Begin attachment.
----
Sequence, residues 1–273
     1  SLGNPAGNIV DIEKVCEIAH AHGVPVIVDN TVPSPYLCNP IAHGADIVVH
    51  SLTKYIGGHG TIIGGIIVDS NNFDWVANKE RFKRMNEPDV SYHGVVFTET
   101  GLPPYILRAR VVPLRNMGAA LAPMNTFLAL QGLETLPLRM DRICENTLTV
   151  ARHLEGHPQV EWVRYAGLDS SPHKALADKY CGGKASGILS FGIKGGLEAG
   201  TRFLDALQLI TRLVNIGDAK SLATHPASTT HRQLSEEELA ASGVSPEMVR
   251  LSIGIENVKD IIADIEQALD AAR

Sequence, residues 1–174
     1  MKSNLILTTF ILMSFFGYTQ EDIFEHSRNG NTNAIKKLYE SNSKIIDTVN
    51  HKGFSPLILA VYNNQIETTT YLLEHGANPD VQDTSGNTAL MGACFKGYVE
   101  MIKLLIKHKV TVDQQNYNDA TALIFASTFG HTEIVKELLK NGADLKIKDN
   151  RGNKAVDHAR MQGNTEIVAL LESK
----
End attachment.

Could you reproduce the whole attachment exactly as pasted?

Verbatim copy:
Sequence, residues 1–273
     1  SLGNPAGNIV DIEKVCEIAH AHGVPVIVDN TVPSPYLCNP IAHGADIVVH
    51  SLTKYIGGHG TIIGGIIVDS NNFDWVANKE RFKRMNEPDV SYHGVVFTET
   101  GLPPYILRAR VVPLRNMGAA LAPMNTFLAL QGLETLPLRM DRICENTLTV
   151  ARHLEGHPQV EWVRYAGLDS SPHKALADKY CGGKASGILS FGIKGGLEAG
   201  TRFLDALQLI TRLVNIGDAK SLATHPASTT HRQLSEEELA ASGVSPEMVR
   251  LSIGIENVKD IIADIEQALD AAR

Sequence, residues 1–174
     1  MKSNLILTTF ILMSFFGYTQ EDIFEHSRNG NTNAIKKLYE SNSKIIDTVN
    51  HKGFSPLILA VYNNQIETTT YLLEHGANPD VQDTSGNTAL MGACFKGYVE
   101  MIKLLIKHKV TVDQQNYNDA TALIFASTFG HTEIVKELLK NGADLKIKDN
   151  RGNKAVDHAR MQGNTEIVAL LESK